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Gov. Whitmer says she has 'always felt safe' but doubles down on charges that extremists are 'finding comfort' in Republican rhetoric

  • Michigan Governor Gretchen Whitmer doubled down on her belief that extremist groups are emboldened by divisive rhetoric, specifically from Republicans.
  • These groups, she said in an interview with "Face The Nation" on CBS Sunday, "are finding comfort and support in the rhetoric coming out of Republican leadership." 
  • This past week, federal prosecutors charged six men for plotting to kidnap Whitmer and seven other men for terrorism-related crimes. 
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Democratic Michigan Governor Gretchen Whitmer doubled down on her claims that Republican leaders are galvanizing extremist groups. 

Whitmer was a target of a failed kidnapping plot by at least six men who had ties to the militant "boogaloo" movement that allegedly urged its members to conduct surveillance on the governor's private home.

"I have always felt safe," Whitmer said in a Sunday interview with "Face The Nation" on CBS. "But I do believe that there are still serious threats that groups like this group, these domestic terrorists, are finding comfort and support in the rhetoric coming out of Republican leadership from the White House to the State House," she added. "So I remain concerned about safety and integrity going into this election"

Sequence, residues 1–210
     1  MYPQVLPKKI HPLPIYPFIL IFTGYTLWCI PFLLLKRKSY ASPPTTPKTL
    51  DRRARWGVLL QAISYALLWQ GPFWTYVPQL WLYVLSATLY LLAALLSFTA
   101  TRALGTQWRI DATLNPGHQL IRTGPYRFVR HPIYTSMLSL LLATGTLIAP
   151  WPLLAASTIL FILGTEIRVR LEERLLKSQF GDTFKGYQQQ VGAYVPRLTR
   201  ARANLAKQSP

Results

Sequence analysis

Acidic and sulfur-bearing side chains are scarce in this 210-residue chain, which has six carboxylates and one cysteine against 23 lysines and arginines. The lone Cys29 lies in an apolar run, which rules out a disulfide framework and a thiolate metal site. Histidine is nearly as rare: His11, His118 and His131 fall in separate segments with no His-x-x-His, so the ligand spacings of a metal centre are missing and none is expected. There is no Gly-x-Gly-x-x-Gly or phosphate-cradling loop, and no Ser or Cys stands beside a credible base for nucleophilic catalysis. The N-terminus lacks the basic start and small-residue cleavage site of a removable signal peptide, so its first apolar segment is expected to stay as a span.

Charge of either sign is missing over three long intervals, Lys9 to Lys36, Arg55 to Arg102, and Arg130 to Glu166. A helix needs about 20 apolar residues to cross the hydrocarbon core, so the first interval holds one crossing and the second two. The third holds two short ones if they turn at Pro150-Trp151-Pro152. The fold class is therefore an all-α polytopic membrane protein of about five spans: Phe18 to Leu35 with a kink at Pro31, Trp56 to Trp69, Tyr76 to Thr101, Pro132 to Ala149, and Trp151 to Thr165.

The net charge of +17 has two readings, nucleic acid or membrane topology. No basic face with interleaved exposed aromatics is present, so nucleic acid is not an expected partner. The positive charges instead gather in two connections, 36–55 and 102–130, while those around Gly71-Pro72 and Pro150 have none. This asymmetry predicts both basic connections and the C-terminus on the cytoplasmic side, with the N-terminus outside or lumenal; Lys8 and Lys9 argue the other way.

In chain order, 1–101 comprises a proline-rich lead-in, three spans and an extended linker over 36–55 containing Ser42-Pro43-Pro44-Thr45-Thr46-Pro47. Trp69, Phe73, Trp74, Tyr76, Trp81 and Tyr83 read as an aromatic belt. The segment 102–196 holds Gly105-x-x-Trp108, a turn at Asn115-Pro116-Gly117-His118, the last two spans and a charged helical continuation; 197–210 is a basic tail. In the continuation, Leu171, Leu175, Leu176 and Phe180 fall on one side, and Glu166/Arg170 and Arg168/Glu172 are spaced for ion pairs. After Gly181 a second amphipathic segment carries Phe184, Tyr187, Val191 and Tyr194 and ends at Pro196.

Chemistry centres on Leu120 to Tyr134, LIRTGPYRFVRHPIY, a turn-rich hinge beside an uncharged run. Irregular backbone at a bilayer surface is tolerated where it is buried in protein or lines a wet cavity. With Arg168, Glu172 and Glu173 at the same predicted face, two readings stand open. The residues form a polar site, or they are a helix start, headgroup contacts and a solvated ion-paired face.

This past week, federal prosecutors charged six men for plotting to kidnap Whitmer and seven other men for terrorism-related crimes. Whitmer stated in a press conference and an op-ed that Trump is "complicit" in the extremist violence, pointing out that "when our leaders encourage domestic terrorists, they legitimize their actions."

Many protesters in Michigan expressed anger at Whitmer for carrying out a statewide lockdown in the wake of the coronavirus pandemic. Several of these men charged, who have also been linked to several extremist groups, were also involved with the anti-lockdown protests, the Michigan Attorney General stated in an interview with MSNBC on Thursday. 

"Whether people support me politically or they supported my opponent in the last election, my job as governor is to make sure that Michigan is a place where we are saving lives or following the science," Whitmer told CBS on Sunday. 

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